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Posted on Sun, Sep. 29, 2002
Capital of the Rebellion
Philadelphia and the Revolution, 225 years ago
Americans' attack at Germantown melts into panic

Inquirer Staff Writer
At Cliveden, Americans hit 2-foot-thick walls with cannonballs that just bounced off. More than 100 Redcoats were in the house.
At Cliveden, Americans hit 2-foot-thick walls with cannonballs that just bounced off. More than 100 Redcoats were in the house.

Sixth in a series of articles recounting Philadelphia's days in the Revolutionary War.

The grandest house in Germantown is under siege.

American soldiers fire volley after volley at Cliveden, the elegant Georgian summer home of Pennsylvania Chief Justice Benjamin Chew.

Six-pound American cannonballs slam against the house's 2-foot-thick front wall of Wissahickon schist, only to bounce harmlessly away.

More than 100 British soldiers have barricaded themselves inside the sturdy house and are frustrating all attempts to blast or burn them out. These Redcoats, from the 40th Regiment, have a special reason for not wanting to surrender: They may well be killed, because they were part of the British force that stabbed its way through Gen. Anthony Wayne's camp at Paoli two weeks ago in a fierce bayonet attack that Americans are calling a massacre.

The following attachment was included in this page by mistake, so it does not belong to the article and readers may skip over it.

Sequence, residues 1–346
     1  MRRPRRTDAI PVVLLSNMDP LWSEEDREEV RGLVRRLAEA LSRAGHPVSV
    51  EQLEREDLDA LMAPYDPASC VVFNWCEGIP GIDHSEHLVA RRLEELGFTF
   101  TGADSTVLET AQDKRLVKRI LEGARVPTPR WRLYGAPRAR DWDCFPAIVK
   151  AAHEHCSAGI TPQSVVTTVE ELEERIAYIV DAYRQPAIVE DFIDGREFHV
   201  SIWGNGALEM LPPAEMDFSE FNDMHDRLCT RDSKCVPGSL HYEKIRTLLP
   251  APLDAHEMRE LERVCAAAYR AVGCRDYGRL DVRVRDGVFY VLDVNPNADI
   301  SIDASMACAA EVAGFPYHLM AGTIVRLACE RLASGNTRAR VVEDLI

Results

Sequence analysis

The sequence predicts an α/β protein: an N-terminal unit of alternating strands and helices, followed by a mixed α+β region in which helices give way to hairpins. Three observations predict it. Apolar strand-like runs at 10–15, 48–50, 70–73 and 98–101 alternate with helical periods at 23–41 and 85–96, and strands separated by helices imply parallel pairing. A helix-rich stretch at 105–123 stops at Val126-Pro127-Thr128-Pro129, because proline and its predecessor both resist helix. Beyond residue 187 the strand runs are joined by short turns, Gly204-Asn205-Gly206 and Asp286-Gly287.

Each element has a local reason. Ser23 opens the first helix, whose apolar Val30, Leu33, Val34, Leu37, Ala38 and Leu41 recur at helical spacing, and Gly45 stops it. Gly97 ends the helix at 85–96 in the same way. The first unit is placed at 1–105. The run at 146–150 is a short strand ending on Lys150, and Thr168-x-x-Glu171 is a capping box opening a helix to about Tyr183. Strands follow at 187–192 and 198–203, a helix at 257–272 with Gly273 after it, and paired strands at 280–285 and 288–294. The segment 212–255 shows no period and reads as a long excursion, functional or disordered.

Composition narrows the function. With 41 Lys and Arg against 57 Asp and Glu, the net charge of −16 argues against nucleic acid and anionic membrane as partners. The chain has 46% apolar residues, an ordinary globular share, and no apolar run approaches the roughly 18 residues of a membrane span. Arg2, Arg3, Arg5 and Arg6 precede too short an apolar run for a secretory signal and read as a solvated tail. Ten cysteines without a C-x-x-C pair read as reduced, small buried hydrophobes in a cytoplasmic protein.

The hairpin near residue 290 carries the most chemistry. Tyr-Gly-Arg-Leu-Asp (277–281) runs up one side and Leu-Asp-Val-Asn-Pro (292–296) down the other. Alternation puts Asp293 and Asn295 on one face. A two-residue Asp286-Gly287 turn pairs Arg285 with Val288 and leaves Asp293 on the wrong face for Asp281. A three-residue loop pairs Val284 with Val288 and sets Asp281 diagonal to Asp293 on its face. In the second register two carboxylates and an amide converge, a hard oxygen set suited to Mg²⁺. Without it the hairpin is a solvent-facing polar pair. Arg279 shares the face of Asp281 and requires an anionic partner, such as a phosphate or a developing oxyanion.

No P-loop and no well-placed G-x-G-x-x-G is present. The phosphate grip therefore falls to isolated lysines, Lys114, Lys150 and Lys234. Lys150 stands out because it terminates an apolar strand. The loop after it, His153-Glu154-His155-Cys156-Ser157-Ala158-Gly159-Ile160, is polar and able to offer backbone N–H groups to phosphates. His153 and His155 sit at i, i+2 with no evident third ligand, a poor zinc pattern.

The date is Oct. 4, 1777. American and British troops, blindfolded by thick fog, are fighting their second pitched battle in a month on Pennsylvania soil.

This time the Americans, who have long played a defensive game, are the attackers. Gen. George Washington, so cautious earlier in the year, has devised an ambitious, four-pronged attack to envelop and smash Gen. Sir William Howe's British army, camped at Germantown.

The plan looks good on paper, but for Washington's partially trained army, it will be difficult to execute.

A lot can go wrong - and will.

 

The attack begins at 6 a.m.

American soldiers, veterans of Paoli eager for revenge, surge down the hard-packed dirt of the Great Road (Germantown Avenue) shouting "Have at the bloodhounds!" as they drive the British light infantry - tough, hardened fighters - before them.

So fierce is the American charge that it sends the Redcoat light infantry reeling - "the first time we retreated from the Americans," British Lt. Martin Hunter writes in his diary.